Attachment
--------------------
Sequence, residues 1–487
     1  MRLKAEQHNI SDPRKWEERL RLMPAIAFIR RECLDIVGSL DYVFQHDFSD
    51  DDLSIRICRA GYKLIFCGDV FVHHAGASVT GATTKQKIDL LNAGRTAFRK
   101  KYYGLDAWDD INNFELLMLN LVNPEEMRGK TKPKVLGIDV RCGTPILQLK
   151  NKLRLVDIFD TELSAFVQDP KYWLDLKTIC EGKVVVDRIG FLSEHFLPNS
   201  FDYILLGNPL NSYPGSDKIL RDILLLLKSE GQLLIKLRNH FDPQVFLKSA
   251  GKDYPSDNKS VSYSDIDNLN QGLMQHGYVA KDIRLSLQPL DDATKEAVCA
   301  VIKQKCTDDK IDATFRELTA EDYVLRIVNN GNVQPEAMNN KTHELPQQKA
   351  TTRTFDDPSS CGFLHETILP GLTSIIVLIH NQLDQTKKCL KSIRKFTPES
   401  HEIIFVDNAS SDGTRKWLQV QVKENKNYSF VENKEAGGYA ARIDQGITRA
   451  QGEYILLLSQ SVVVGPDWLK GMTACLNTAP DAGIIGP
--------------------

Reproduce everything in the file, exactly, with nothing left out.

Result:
Sequence, residues 1–487
     1  MRLKAEQHNI SDPRKWEERL RLMPAIAFIR RECLDIVGSL DYVFQHDFSD
    51  DDLSIRICRA GYKLIFCGDV FVHHAGASVT GATTKQKIDL LNAGRTAFRK
   101  KYYGLDAWDD INNFELLMLN LVNPEEMRGK TKPKVLGIDV RCGTPILQLK
   151  NKLRLVDIFD TELSAFVQDP KYWLDLKTIC EGKVVVDRIG FLSEHFLPNS
   201  FDYILLGNPL NSYPGSDKIL RDILLLLKSE GQLLIKLRNH FDPQVFLKSA
   251  GKDYPSDNKS VSYSDIDNLN QGLMQHGYVA KDIRLSLQPL DDATKEAVCA
   301  VIKQKCTDDK IDATFRELTA EDYVLRIVNN GNVQPEAMNN KTHELPQQKA
   351  TTRTFDDPSS CGFLHETILP GLTSIIVLIH NQLDQTKKCL KSIRKFTPES
   401  HEIIFVDNAS SDGTRKWLQV QVKENKNYSF VENKEAGGYA ARIDQGITRA
   451  QGEYILLLSQ SVVVGPDWLK GMTACLNTAP DAGIIGP